The Great Reversal is Under Way in our Forests
New research shows that forests in many regions across the planet are actually becoming larger carbon sinks, thanks to an increase in density, if not in spread. Europe and North America both saw increases in carbon storage despite little to no expansion of the forest areas.
The study, conducted by conducted by Rockefeller University scientists with colleagues at Connecticut’s Agricultural Experiment Station and the University of Helsinki in Finland, and published online in the open-access journal PLoS One, gives great hope in a day and age where most environmental news seems to be another indictment on the human race.
Even nations in South America have seen carbon levels maintained thanks to increased density.
“In 2004 emissions and removals of carbon dioxide from land use, land-use change and forestry comprised about one fifth of total emissions. Tempering the fifth by slowing or reversing the loss of carbon in forests would be a worthwhile mitigation. The great role of density means that not only conservation of forest area but also managing denser, healthier forests can mitigate carbon emission,” says Aapo Rautiainen of Rockefeller University.
The researchers looked at information from 68 nations, which account for 72 percent of the world’s forested land and 68 percent of reported carbon mass. Starting with the United States, thanks to the continuing inventory of forest area, timberland area and growing stock since 1953 maintained by the U.S. Forest Service, the researchers were able to determine that while U.S. timberland only grew by 1 percent between 1953 and 2007, the combined national volume of growing stock increased by an impressive 51 percent, increasing a healthy increase in density.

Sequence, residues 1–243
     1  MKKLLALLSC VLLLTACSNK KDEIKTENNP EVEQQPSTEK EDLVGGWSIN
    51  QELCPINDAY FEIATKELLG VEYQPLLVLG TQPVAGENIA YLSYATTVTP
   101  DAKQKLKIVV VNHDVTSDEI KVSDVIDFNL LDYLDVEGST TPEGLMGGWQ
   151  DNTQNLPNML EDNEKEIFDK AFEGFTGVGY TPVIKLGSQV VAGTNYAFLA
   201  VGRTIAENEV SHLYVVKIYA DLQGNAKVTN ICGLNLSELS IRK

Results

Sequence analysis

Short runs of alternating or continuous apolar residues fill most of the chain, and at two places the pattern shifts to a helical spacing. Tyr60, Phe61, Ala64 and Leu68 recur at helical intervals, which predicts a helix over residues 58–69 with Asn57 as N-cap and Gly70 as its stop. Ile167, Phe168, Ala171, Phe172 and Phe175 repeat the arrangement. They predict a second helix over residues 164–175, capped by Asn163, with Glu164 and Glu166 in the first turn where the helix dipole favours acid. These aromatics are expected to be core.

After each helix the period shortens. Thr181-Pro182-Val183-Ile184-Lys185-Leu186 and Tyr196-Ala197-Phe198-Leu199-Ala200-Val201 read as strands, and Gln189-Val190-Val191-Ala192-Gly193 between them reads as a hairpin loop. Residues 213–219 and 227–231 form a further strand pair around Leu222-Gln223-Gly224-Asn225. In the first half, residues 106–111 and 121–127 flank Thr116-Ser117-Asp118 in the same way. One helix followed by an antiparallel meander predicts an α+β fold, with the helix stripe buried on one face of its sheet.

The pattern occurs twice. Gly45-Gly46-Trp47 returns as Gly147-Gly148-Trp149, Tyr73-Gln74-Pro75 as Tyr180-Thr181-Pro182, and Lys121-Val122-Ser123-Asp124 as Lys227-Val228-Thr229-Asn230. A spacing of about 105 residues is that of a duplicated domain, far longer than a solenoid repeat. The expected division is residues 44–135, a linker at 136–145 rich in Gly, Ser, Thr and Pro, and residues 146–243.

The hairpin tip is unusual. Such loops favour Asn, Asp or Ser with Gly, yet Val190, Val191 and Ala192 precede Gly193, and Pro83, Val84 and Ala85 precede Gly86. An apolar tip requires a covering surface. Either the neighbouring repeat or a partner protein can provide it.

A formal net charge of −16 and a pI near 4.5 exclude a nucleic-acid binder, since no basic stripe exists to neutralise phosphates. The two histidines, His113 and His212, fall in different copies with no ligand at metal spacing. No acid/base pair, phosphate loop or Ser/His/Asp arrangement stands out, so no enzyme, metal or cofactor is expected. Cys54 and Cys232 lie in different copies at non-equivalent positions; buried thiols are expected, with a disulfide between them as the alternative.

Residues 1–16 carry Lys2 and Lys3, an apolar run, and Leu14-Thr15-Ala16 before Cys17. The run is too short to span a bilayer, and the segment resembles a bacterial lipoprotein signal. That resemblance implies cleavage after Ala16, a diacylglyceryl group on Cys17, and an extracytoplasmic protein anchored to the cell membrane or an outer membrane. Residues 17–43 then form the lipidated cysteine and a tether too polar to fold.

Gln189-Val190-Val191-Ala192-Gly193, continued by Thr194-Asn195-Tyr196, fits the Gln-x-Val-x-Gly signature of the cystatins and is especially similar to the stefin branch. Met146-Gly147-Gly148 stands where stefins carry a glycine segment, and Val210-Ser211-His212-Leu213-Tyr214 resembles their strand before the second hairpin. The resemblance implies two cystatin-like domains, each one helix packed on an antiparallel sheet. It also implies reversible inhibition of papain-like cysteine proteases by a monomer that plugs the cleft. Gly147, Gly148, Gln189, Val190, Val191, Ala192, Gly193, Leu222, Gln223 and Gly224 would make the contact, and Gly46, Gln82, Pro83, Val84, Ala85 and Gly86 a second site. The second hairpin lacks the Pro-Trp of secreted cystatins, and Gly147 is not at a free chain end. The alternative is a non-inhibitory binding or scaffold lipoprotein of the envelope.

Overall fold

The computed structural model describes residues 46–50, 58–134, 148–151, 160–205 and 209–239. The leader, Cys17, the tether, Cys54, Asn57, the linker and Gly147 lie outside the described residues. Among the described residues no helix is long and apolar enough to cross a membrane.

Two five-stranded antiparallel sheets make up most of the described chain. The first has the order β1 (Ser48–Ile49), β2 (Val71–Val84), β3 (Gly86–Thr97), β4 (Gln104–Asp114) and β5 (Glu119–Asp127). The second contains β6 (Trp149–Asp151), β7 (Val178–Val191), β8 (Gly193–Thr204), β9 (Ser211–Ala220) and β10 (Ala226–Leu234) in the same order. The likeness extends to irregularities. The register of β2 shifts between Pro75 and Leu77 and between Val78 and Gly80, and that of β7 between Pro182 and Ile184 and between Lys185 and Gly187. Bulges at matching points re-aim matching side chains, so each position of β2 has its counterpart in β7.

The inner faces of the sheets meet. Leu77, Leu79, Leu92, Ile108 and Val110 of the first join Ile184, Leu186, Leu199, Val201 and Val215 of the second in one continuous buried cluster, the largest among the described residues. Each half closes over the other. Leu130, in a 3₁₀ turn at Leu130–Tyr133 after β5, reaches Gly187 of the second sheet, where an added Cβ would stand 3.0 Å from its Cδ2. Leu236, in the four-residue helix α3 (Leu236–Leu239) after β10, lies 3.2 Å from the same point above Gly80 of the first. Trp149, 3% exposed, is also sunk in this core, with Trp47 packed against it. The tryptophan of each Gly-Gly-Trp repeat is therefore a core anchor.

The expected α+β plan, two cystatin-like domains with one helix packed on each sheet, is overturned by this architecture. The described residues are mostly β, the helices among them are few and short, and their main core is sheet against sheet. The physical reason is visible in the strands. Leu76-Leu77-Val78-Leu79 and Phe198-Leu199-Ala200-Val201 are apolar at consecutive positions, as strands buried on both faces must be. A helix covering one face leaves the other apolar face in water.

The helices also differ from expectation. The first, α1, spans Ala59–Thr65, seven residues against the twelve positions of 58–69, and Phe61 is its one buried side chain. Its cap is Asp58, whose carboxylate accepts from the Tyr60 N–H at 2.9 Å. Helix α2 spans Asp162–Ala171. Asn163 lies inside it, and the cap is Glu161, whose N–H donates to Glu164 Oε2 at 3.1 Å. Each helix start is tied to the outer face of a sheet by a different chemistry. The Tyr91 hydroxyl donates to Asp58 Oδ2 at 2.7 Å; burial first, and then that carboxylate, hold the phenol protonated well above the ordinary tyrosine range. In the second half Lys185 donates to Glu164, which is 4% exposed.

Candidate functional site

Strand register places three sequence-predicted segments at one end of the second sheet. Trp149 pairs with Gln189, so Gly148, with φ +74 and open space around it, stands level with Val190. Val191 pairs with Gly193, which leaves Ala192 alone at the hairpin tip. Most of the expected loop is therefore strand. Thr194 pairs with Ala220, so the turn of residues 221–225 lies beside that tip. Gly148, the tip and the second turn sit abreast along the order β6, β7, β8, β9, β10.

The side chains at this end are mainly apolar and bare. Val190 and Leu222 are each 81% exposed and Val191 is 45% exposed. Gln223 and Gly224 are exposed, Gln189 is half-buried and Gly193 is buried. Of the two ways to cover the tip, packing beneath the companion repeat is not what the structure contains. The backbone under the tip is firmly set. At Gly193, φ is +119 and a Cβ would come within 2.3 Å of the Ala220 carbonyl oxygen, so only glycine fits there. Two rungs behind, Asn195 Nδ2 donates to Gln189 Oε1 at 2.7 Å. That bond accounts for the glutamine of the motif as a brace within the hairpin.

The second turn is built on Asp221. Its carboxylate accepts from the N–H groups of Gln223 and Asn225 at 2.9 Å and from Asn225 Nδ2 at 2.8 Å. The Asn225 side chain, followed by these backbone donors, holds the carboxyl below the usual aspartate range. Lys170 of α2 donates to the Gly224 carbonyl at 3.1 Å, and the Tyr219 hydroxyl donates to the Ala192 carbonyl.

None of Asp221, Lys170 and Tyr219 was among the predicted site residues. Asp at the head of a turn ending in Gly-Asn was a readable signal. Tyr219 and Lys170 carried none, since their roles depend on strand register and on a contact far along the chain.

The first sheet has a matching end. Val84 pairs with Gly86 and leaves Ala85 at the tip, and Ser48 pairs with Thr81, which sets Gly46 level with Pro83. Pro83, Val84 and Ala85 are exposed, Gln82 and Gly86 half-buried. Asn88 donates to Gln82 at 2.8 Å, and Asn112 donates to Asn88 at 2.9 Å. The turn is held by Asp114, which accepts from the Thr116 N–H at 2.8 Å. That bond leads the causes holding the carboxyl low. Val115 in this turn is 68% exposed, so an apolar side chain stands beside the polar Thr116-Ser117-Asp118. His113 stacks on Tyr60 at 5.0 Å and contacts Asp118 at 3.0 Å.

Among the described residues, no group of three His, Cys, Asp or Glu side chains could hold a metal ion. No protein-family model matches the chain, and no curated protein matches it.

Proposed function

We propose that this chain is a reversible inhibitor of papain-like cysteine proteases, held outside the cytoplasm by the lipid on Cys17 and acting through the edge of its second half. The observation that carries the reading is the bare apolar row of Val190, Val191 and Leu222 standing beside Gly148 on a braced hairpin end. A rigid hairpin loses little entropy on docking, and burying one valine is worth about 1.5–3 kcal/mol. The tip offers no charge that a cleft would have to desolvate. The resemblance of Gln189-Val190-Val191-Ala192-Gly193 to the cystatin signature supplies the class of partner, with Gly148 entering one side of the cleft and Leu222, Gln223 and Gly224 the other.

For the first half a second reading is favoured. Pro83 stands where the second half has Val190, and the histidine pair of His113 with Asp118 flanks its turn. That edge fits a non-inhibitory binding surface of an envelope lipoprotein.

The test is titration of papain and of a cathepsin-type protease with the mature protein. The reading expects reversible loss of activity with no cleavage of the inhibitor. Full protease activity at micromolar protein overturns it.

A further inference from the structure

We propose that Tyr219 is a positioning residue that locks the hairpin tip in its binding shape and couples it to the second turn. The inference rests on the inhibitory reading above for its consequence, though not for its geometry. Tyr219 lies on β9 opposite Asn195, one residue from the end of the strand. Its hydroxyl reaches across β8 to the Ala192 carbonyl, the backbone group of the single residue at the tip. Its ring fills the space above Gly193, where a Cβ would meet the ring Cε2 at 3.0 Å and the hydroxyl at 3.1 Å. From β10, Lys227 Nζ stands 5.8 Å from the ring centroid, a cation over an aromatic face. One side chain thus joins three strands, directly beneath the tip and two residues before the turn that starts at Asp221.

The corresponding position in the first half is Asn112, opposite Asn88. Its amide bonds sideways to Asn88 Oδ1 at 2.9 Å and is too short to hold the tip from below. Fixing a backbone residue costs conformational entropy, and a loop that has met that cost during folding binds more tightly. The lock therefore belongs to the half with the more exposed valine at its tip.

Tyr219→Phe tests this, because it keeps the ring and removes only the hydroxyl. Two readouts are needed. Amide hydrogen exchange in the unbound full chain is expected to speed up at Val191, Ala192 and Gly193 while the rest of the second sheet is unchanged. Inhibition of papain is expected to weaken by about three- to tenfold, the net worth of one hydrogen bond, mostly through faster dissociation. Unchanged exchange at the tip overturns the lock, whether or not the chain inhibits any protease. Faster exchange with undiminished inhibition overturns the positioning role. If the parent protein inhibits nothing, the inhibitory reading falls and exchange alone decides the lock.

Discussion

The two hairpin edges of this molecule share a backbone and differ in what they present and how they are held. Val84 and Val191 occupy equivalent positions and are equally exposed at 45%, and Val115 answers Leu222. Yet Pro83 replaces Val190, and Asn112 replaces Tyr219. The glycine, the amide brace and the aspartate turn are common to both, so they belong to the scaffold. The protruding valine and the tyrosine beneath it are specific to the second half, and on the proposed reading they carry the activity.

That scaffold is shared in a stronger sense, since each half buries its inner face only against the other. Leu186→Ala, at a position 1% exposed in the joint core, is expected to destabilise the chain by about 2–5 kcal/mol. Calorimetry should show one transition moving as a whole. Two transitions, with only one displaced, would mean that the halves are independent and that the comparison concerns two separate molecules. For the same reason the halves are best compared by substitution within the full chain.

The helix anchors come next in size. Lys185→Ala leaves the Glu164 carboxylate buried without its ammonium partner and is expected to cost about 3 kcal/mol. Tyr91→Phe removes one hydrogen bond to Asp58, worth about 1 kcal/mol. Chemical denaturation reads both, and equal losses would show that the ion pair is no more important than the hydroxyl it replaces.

Moving out from the U.S., the team looked at the 2010 Global Forest Resources Assessment compiled by the UN Food and Agriculture Organization (FAO), which provides consistent figures for the years 1990 to 2010, and were pleased to see a similar pattern in other continents.
Countries in Africa and South America lost about 10 percent of their forest area over the two decades studied by the FAO, but lost somewhat less carbon, which indicates a small rise in forest density. Asian forest density rose during the second decade of the study period in 10 of the region’s countries, but was offset by the massive loss of density and sequestered carbon in Indonesia. And Europe had acted very similarly to the U.S., adding carbon well in excess of the estimated carbon absorbed by the forested area.
Co-author Paul E. Waggoner, a forestry expert with Connecticut’s Agricultural Experiment Station, says remote sensing by satellites of the world’s forest area brings access to remote places and a uniform method. “However, to speak of carbon, we must look beyond measurements of area and apply forestry methods traditionally used to measure timber volumes.”
“Forests are like cities: they can grow both by spreading and by becoming denser,” says co-author Iddo Wernick of The Rockefeller University’s Program for the Human Environment.
“With so much bad news available on World Environment Day, we are pleased to report that, of 68 nations studied, forest area is expanding in 45 and density is also increasing in 45,” says study co-author Pekka Kauppi, of the University of Helsinki, Finland. “Changing area and density combined had a positive impact on the carbon stock in 51 countries.”
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